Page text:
Take, for instance, the ambitious Great Sea Interconnector project, a planned high-voltage cable stretching a staggering 900 kilometers to connect the power grids of Greece and Cyprus.

At such immense distances, conventional monitoring methods using optical fibers suffer from signal attenuation – essentially, the message gets weaker as it travels, making it harder to detect issues.

To overcome this challenge, the integration of technologies akin to those used in transoceanic cables, such as amplifiers, is essential. Amplifiers can boost the signal strength at regular intervals along the cable, ensuring that monitoring systems maintain accurate and reliable communication.

cable monitoring, optical fiber

5 advanced techniques for subsea cables monitoring

Thankfully, the world of cable engineering can count on plenty of solutions. Here are some of the cutting-edge technologies playing a vital role in safeguarding the health of subsea power cables.

Monitoring and the revolution of artificial intelligence (AI)

Of course, AI is among the most promising revolutions for the monitoring of subsea cables.

Indeed, the sheer volume of data generated by advanced monitoring systems can be overwhelming. This is where AI steps in, helping to:

  • Filter Out Noise and Identify Threats: By analyzing complex data patterns, AI can effectively distinguish between background noise and real threats. This ensures that operators focus their attention on the most critical issues.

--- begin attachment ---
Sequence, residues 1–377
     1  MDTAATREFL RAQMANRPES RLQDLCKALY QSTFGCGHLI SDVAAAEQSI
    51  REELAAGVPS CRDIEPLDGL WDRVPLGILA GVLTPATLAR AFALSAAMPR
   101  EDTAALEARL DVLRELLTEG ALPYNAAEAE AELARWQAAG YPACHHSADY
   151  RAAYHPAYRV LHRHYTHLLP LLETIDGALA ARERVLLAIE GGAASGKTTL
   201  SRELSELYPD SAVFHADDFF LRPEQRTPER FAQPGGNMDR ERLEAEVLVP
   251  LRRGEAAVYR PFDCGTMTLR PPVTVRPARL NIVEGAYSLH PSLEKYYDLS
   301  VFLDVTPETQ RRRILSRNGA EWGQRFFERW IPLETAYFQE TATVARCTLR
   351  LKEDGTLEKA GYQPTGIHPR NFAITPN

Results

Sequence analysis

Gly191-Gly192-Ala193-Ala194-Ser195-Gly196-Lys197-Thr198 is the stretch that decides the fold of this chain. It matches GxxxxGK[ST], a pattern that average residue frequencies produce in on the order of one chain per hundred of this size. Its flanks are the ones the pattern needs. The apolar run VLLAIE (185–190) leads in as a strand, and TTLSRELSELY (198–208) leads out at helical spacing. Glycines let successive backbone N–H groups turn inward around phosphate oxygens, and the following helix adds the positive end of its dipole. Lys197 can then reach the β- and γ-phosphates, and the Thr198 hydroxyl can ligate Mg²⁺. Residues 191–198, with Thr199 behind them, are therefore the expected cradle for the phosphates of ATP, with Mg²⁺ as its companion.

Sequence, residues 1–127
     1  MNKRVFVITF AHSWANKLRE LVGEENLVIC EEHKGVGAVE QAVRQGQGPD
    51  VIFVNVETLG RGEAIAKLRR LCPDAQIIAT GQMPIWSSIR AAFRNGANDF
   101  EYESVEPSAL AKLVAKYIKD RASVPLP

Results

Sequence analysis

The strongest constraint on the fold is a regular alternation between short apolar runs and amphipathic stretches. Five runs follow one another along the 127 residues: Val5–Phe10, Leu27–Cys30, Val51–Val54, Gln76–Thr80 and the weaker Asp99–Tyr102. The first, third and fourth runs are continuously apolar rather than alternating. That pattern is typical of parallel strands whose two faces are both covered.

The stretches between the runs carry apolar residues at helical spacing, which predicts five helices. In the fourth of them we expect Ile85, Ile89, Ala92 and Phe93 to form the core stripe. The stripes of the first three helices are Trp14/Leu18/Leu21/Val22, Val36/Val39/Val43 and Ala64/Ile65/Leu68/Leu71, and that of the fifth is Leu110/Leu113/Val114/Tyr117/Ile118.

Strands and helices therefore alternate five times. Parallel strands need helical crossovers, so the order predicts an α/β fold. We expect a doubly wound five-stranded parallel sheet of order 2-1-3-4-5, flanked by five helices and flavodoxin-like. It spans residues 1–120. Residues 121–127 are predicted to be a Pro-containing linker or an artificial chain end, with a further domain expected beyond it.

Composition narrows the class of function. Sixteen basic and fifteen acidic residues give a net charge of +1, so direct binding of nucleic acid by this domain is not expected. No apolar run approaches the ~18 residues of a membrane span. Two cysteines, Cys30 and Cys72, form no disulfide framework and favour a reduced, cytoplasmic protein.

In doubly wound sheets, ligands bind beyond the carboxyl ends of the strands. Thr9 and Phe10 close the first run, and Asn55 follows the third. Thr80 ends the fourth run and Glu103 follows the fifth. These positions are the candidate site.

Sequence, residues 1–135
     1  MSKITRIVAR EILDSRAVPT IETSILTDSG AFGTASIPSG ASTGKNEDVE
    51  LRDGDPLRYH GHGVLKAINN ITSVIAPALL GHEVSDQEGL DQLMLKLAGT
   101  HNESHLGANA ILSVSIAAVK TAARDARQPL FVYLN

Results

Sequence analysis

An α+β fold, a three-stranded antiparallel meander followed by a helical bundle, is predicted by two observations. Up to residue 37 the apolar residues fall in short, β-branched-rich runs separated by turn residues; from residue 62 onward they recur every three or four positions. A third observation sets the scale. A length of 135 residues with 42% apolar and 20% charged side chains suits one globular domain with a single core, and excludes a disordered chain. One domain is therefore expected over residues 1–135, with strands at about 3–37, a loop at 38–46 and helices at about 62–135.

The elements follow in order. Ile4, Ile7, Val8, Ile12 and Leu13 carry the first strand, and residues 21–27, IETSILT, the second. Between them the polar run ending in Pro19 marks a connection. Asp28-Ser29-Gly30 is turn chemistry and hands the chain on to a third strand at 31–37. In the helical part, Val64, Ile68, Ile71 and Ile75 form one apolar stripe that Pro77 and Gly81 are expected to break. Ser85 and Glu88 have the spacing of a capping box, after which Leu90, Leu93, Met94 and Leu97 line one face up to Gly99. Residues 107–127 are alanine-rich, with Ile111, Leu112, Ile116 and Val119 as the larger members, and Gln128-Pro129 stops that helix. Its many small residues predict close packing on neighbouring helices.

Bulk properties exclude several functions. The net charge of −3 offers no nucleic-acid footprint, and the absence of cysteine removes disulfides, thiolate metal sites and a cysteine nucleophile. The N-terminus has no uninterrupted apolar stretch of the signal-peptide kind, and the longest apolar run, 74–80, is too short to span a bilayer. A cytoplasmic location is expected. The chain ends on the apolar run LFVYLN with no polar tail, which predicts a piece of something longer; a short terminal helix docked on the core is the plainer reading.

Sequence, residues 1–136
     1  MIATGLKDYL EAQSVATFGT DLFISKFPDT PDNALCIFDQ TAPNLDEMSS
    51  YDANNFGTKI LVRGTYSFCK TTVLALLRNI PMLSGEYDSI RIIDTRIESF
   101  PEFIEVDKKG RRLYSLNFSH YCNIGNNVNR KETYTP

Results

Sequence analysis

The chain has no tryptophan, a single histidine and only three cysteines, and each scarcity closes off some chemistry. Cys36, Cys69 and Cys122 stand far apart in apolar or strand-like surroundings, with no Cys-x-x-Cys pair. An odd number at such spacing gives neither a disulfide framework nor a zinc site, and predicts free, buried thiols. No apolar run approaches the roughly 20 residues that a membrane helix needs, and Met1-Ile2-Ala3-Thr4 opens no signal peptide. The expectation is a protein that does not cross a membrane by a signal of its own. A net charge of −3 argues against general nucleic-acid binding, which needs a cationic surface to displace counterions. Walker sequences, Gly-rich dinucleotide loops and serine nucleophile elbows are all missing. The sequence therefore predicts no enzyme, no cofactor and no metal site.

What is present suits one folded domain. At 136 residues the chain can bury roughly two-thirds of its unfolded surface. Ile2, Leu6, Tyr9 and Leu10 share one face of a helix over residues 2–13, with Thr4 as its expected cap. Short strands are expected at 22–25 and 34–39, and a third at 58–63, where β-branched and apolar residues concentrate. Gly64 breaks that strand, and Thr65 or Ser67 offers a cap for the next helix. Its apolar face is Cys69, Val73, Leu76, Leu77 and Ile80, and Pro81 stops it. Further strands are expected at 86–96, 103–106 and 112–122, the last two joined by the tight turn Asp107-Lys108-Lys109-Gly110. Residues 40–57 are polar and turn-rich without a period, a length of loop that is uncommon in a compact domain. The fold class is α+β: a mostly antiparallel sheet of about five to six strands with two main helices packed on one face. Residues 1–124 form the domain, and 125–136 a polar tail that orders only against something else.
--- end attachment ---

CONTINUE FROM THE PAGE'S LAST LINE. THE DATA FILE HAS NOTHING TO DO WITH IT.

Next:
• Predictive Analytics: AI can leverage historical data and real-time sensor readings to assist in identifying potential problems before they even occur. This allows for preventative maintenance and minimizes downtime.

The road ahead: Monitoring powered by constant innovation

Imagine a user-friendly cockpit that displays real-time data, analyzing failure modes, and proposing remediation actions for all your cable assets in single place: this, in essence, is the future of cable monitoring.

Comprehensive cable monitoring solutions are paramount. A centralized approach not only simplifies cable management but also empowers operators to make informed decisions quickly and efficiently.

Nexans, at the forefront of these innovations, has developed a solution that isn’t just an abstraction layer: it is a versatile data platform, with state-of-the-art digital frameworks, intuitive dashboard and harmonized analytics that brings the cable data management to the next level. It integrates information from various sources and presents a clear picture of the network’s health.

Built to scale, it adapts seamlessly to the growth of the grid. Whether through on-premise deployment or cloud-based access, this solution offers flexible options. Prioritizing cybersecurity, the platform utilizes the latest technologies and maintenance processes to safeguard critical data.

Integration of Nexans' platform - architecture schema

The energy transition depends on the silent guardians of the grid – subsea power cables. As we harness the power of offshore wind farms, robust cable monitoring becomes an indispensable tool. By overcoming the challenges of data management, signal interpretation, and technological fragmentation, we can ensure the health and longevity of these critical underwater connections.

Innovative monitoring technologies can help the silent heroes under the sea to continue to play a vital role, ensuring the lights stay on and our cities vibrate with sustainable energy.

Aymeric André


Aymeric André works as New Solutions Manager at Nexans within the Sales & Marketing department of the Generation & Transmission Business Group.

In 2019 he joined Nexans Services and solutions team within the Innovation Service and Growth Department as a Design Lab Manager for asset monitoring to help enhance the company’s digital offers.

He has previously worked at the SuperGrid Institute where he led a research program on high voltage subsea technologies.